Discussion

This Court reviews de novo the dismissal of a complaint pursuant to Rule 12(b)(6). Forest Park Pictures v. Universal Television Network, Inc., 683 F.3d 424, 429 (2d Cir. 2012). To survive a Rule 12(b)(6) motion, the complaint must “state a claim to relief that is plausible on its face.” Bell Atlantic Corp. v. Twombly, 550 U.S. 544, 570 (2007). This standard requires the plaintiff to “plead[ ] factual content that allows the court to draw the reasonable inference that the defendant is liable for the misconduct alleged.” Ashcroft v. Iqbal, 556 U.S. 662, 678 (2009). The court must assume as true all factual allegations asserted in the complaint. Id. Courts should interpret pro se complaints liberally to raise the strongest claims they suggest. Hill v. Curcione, 657 F.3d 116, 122 (2d Cir. 2011).

1. Civil RICO Claims

The district court correctly dismissed Smulley’s civil RICO claims. “To establish a RICO claim, a plaintiff must show: (1) a violation of ... 18 U.S.C. § 1962; (2) an injury to business or property; and (3) that the injury was caused by the violation of Section 1962.” Cruz v. FXDirectDealer, LLC, 720 F.3d 115, 120 (2d Cir. 2013) (insternal quotation marks omitted). Section 1962(c) makes it “unlawful for any person employed by or associated with any enterprise ... to conduct or participate, directly or indirectly, in the conduct of such enterprise’s affairs through a pattern of racketeering activity ....” 18 U.S.C. § 1962(c). Accordingly, a civil RICO plaintiff must show “(1) that the defendant (2) through the commission of two or more acts (3) constituting a pattern (4) of racketeering activity (5) directly or indirectly invest[ed] in, or maintain[ed] an[ ] interest in, or participate[d] in (6) an enterprise (7) the activities of which affect interstate or foreign commerce.” Williams v. Affinion Group, LLC, 889 F.3d 116, 123–24 (2d Cir. 2018) (internal quotation marks omitted).

Smulley alleges predicate acts of mail fraud and wire fraud to constitute the defendants’ pattern of racketeering activity. See 18 U.S.C. § 1961(1). The mail and wire fraud statutes proscribe “using the mails or a wire communication to execute ‘any scheme or artifice to defraud, or for obtaining money or property by means of false or fraudulent pretenses, representations, or promises.’ ” United States v. Greenberg, 835 F.3d 295, 305 (2d Cir. 2016) (quoting 18 U.S.C. §§ 1341, 1343). These crimes thus require “(1) a scheme to defraud, (2) money or property as the object of the scheme, and (3) use of the mails or wires to further the scheme.” Id. (internal quotation marks omitted). A scheme to defraud is defined as “a plan to deprive a person of something of value by trick, deceit, chicane or overreaching.United States v. Autuori, 212 F.3d 105, 115 (2d Cir. 2000) (internal quotation marks omitted).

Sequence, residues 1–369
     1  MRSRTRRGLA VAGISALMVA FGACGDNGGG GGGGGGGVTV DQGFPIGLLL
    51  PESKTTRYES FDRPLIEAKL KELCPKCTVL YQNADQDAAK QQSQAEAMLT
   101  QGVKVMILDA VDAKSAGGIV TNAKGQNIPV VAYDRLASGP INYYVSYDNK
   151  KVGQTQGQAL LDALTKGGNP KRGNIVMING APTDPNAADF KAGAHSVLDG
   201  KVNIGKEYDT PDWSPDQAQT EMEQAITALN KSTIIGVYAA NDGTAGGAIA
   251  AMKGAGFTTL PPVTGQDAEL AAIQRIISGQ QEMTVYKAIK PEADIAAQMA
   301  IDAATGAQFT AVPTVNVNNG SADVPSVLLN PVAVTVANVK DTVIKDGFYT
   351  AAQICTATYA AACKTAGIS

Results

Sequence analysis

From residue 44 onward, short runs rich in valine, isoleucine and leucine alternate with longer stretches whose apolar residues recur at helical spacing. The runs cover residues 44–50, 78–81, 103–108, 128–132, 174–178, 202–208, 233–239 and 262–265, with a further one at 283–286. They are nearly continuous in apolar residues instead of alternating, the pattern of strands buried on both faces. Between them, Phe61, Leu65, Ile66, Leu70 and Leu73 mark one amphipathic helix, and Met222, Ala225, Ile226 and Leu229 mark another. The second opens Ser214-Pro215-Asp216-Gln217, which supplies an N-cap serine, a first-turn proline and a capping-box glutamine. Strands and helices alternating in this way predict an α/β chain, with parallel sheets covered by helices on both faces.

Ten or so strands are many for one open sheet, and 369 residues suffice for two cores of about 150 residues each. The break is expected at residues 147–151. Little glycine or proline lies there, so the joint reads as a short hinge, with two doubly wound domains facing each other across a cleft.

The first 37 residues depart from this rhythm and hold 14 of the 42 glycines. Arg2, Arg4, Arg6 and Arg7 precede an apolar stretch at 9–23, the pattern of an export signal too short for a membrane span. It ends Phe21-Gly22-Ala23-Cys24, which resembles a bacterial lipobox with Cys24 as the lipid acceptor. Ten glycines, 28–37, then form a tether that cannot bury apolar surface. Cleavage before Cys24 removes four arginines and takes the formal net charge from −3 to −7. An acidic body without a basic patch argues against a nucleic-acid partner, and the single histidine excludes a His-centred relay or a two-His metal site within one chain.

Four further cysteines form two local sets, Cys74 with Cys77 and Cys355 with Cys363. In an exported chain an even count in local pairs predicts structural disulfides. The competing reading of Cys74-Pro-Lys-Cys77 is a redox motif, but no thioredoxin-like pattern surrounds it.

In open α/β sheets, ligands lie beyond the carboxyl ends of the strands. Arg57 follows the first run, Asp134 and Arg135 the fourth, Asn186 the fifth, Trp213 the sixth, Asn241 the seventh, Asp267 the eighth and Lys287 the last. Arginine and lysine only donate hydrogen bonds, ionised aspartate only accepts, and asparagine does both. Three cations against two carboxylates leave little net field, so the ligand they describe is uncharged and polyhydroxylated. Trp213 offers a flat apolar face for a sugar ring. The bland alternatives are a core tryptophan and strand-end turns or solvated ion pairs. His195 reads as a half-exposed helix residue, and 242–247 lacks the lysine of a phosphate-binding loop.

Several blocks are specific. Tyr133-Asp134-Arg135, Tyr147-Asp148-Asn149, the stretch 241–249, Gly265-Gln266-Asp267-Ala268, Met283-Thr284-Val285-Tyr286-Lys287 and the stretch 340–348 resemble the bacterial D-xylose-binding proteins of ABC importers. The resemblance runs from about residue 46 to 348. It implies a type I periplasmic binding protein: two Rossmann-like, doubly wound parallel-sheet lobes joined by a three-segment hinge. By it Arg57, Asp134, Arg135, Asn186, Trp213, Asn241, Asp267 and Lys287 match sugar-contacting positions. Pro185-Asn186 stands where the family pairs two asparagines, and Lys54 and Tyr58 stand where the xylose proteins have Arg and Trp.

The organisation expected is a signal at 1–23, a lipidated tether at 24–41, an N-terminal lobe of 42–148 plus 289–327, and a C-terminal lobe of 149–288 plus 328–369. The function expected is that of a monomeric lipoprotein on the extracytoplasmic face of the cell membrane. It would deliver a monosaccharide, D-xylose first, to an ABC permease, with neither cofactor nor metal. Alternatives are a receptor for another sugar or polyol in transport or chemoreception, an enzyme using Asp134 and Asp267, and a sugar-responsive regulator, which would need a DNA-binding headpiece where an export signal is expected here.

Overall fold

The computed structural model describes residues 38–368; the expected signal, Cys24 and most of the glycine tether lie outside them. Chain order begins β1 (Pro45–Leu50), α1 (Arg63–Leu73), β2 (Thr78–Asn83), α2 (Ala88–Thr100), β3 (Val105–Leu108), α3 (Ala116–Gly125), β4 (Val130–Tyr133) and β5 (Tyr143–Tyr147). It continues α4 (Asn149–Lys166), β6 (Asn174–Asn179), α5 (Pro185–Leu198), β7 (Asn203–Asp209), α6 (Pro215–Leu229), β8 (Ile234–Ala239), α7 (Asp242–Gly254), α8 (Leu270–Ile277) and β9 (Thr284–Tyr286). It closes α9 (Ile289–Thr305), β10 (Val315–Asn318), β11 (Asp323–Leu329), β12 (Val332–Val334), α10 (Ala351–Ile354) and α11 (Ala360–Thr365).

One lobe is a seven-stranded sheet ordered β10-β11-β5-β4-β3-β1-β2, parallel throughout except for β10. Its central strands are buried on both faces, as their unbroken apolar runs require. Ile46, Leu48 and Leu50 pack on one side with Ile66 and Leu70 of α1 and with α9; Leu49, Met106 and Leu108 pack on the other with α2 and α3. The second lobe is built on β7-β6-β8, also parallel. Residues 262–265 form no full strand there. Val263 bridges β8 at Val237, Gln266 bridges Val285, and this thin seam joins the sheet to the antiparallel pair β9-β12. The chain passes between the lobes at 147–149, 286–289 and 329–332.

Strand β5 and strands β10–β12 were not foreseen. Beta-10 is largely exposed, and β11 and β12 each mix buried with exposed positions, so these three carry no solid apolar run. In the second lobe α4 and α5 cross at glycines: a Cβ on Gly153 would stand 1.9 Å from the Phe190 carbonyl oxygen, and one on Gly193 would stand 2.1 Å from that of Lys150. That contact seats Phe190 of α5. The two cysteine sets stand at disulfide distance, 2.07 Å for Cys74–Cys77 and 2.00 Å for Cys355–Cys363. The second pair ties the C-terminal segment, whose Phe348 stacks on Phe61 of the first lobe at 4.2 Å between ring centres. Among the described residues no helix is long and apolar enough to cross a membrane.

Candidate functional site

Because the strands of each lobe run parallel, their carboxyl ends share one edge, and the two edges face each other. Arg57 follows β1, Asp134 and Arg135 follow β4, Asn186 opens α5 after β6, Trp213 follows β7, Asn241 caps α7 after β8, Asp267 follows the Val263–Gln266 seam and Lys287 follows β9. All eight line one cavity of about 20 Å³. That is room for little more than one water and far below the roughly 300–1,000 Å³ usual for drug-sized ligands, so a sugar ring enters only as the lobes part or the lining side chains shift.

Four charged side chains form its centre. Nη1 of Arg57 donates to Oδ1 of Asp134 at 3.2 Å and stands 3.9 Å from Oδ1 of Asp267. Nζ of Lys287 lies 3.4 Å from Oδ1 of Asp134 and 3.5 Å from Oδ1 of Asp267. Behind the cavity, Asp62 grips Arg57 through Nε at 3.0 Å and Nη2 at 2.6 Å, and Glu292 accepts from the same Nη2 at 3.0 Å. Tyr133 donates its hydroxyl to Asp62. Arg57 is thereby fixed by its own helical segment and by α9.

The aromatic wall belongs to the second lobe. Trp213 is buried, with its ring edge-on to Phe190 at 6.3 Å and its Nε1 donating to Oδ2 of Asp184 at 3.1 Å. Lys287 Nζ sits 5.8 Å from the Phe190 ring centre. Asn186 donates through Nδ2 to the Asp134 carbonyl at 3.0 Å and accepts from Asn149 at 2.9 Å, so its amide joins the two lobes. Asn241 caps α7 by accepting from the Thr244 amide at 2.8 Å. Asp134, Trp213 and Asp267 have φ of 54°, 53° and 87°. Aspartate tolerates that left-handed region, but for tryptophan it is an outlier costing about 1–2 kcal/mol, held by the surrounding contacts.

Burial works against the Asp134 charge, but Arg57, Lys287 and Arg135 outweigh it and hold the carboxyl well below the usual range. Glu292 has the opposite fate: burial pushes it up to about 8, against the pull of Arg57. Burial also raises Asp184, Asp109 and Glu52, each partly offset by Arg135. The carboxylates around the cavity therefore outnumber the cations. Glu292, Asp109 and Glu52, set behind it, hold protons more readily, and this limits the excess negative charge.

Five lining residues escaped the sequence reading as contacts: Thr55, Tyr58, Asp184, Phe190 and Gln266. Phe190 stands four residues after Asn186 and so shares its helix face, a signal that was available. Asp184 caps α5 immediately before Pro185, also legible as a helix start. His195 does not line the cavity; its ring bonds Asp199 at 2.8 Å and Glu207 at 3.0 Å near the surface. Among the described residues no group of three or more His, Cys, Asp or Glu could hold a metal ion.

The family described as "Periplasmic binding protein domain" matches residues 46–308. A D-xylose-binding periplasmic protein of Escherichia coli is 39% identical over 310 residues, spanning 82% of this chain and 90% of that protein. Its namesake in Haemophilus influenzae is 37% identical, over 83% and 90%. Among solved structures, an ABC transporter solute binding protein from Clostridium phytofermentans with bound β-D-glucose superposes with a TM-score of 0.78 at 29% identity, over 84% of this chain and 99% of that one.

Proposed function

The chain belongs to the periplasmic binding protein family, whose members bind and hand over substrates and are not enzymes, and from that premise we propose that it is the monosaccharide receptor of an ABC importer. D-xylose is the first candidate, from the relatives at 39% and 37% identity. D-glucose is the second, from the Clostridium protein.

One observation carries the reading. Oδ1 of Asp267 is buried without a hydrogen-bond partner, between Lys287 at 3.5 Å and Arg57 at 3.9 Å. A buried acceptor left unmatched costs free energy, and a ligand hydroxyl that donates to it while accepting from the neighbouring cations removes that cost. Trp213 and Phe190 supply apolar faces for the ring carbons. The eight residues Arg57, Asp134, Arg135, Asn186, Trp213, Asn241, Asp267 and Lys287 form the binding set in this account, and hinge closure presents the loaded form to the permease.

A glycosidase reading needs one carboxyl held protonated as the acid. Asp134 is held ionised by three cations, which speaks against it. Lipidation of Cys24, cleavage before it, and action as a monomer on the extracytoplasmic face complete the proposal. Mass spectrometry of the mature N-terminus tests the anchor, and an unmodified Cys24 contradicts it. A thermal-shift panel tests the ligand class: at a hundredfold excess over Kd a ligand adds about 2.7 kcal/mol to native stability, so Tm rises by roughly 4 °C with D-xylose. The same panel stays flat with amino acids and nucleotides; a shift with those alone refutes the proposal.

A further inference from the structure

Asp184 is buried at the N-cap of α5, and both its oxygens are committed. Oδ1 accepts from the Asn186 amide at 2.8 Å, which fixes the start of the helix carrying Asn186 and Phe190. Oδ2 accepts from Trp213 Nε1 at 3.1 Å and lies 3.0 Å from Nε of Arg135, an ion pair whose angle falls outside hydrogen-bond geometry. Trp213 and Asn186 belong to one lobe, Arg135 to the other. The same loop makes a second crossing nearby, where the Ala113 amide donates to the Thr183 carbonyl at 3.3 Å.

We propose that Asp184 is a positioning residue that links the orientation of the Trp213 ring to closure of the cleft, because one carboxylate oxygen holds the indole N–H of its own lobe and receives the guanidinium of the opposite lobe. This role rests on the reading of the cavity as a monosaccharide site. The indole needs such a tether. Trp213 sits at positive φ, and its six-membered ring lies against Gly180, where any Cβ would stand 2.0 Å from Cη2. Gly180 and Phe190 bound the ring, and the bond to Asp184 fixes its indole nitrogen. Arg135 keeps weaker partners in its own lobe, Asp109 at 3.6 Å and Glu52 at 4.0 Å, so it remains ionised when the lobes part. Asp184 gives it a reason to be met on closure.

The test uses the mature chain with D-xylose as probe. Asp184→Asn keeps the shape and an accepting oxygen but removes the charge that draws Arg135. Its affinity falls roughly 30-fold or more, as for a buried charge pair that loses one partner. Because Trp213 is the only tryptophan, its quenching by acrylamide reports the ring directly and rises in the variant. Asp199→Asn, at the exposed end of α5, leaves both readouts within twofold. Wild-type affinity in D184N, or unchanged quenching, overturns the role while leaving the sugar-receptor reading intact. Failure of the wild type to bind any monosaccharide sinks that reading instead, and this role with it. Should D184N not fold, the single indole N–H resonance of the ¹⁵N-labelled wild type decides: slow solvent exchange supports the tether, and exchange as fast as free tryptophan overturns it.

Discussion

Under the Federal Rules of Civil Procedure, “[t]he elements of mail and wire fraud must be pled with particularity.” Affinion Group, 889 F.3d at 124 (citing Fed. R. Civ. P. 9(b)). The complaint must therefore “detail the specific statements that are false or fraudulent, identify the speaker, state when and where the statements were made, and explain why the statements were fraudulent.” Id. The complaint must also “plead those events which give rise to a strong inference that the defendant[ ] had an intent to defraud, knowledge of the falsity, or a reckless disregard for the truth.” Cohen v. S.A.C. Trading Corp., 711 F.3d 353, 359 (2d Cir. 2013) (internal quotation marks omitted; alteration in original).

Many of Smulley’s RICO claims rest upon the purported illegality of Form 3140, a standard multistate condominium rider that, among other things, protects lenders’ interests by allowing them to make (and then seek to recover) payments to third parties that borrowers were required but failed to pay. Smulley characterized Form 3140 as violating her due process rights because she did not receive notice of the debt, but beyond this characterization, she does not plead facts showing that Form 3140 is illegal. Enforcing the terms of a standard condominium rider that Smulley herself signed does not raise the inference of illegality required to support a RICO claim.

Smulley also argues that Defendants’ practices in enforcing the form constituted a pattern of racketeering activity. But most of her examples of alleged mail and wire fraud involve entities other than Defendants, or allege that Defendants acted upon information provided by others. Smulley failed to allege that Defendants had reason to know that the information given to them was false. Consequently, her allegations do not “give rise to a strong inference that ... defendant[s] had an intent to defraud[.]” Cohen, 711 F.3d at 359. Moreover, to the extent Smulley alleges that any Defendants made false representations and filed false documents in Smulley’s state court action(s), those acts do not constitute RICO predicates. See Kim v. Kimm, 884 F.3d 98, 104 (2d Cir. 2018) (concluding that allegations of frivolous, fraudulent, or baseless litigation activities, such as proffering false affidavits and testimony to a state court, cannot constitute a RICO predicate act).